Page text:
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Social Security - Dependent Benefits Example

Alan, age 65, and Susan, age 46, are married and have two kids - ages 13 and 11. Alan still works and wants to retire soon. The family's income will decline once Alan does retire. His primary insurance amount (PIA) at his Full Retirement Age of 67 is $2,000 monthly. He will receive a nice pension from his company but would like the added Social Security income even though he knows early filing will reduce his benefit payments.


Q: Can the two kids file for dependent benefits once Alan begins collecting benefits? If so, how much?

To be eligible for Social Security benefits, a child must be unmarried and under 18 or 19 if still a full-time high school student. Disabled adults over 18 are also eligible for benefits as long as the total disability began before 22. The child can be a client's natural child, legally adopted child, stepchild, and, in some cases, a grandchild if the child's par­ents are deceased or disabled and the child is your dependent.

Q: What amount will the dependent(s) receive?

The child's benefit is based on 50% of the parent's primary insurance amount at full retirement age. Even if Alan files for reduced-retirement benefits early or larger benefits by delaying his full retirement age, the child's benefit is still based on half of Alan's primary insurance amount.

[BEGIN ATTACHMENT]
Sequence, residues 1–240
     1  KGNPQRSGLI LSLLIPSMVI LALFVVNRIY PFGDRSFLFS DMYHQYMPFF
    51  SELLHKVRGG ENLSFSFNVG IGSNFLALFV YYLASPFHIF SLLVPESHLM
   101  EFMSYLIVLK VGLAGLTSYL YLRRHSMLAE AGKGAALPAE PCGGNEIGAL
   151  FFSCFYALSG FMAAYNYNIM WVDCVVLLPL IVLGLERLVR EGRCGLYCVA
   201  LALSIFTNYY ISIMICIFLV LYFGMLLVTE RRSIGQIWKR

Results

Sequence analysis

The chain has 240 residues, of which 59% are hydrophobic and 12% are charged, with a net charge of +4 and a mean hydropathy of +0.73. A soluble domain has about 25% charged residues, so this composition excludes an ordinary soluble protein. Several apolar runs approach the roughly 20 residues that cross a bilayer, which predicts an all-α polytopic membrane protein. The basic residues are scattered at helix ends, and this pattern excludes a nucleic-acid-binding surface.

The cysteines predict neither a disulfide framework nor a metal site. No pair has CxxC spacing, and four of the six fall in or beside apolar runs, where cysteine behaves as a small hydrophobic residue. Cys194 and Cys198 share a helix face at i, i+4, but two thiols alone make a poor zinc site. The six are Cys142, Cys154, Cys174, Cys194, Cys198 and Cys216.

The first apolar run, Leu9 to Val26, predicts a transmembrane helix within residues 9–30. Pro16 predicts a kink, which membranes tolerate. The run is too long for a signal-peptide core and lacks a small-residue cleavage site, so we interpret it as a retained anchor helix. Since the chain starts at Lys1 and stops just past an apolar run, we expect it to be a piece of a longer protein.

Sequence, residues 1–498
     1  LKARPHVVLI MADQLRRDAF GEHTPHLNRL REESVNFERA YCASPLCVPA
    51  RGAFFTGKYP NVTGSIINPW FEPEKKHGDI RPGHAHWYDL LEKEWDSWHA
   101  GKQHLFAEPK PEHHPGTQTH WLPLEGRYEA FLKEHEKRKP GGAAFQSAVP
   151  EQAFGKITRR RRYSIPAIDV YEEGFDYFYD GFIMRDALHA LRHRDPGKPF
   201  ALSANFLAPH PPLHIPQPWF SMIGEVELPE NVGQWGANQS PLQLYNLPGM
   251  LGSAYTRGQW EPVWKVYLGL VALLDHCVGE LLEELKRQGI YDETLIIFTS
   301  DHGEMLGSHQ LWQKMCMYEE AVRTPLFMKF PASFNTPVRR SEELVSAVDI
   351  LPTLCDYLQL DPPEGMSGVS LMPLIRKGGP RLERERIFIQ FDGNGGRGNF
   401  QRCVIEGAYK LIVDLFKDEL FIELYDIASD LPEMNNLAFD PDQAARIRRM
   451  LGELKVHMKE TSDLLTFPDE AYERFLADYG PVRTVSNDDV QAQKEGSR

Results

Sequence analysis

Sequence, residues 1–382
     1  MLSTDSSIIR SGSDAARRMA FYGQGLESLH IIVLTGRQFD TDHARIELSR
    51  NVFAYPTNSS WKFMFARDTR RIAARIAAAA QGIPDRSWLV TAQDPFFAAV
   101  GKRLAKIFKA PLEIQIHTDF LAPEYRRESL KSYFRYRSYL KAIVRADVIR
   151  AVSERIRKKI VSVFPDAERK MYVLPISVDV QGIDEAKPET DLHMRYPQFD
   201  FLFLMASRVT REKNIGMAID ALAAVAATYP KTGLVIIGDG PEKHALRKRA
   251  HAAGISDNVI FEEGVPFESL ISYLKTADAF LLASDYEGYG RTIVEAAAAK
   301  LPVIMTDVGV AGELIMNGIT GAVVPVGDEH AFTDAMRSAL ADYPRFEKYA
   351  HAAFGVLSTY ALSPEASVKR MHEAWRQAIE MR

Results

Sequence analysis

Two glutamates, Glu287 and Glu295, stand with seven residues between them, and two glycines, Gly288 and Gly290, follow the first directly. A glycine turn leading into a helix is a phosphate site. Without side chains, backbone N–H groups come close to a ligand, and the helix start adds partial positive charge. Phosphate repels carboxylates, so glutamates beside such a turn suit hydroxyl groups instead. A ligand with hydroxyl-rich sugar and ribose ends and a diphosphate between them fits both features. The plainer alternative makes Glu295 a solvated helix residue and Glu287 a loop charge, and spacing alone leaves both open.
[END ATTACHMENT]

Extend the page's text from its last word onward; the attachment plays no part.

Q: Must Alan receive benefits before his kids file for dependent benefits?

Yes. This creates a dilemma for the retiring father – does he hold off on receiving benefits so his retirement amount grows, or does he file early and trigger dependent benefits for his children (and possibly his spouse) by commencing benefits for himself?

Q: Is Susan eligible for dependent benefits also?

Yes. Regardless of her age, if she is caring for the worker's dependent children, she is entitled to dependent benefits as well. The ability for Susan to receive dependent benefits in the future will not impact her retirement benefit. 

Q: Is there a maximum benefit that a family can receive from one worker's earnings record?

Yes. But the total amount paid on a worker's record is capped at the family maximum, between 150% and 180% of a worker's full retirement benefit. If total family benefits exceed the prescribed family maximum, each de­pendent's benefit is reduced proportionately, but the worker's benefit is unaffected.

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